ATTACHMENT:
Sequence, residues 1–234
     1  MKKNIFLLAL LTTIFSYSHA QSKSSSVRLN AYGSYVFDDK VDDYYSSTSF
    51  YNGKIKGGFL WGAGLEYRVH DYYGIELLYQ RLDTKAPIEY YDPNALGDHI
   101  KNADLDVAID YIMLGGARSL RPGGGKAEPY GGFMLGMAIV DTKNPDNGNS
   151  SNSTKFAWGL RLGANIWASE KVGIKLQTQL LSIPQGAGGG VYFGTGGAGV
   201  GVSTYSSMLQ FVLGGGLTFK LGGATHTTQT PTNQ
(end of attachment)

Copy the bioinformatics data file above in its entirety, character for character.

Sequence, residues 1–234
     1  MKKNIFLLAL LTTIFSYSHA QSKSSSVRLN AYGSYVFDDK VDDYYSSTSF
    51  YNGKIKGGFL WGAGLEYRVH DYYGIELLYQ RLDTKAPIEY YDPNALGDHI
   101  KNADLDVAID YIMLGGARSL RPGGGKAEPY GGFMLGMAIV DTKNPDNGNS
   151  SNSTKFAWGL RLGANIWASE KVGIKLQTQL LSIPQGAGGG VYFGTGGAGV
   201  GVSTYSSMLQ FVLGGGLTFK LGGATHTTQT PTNQ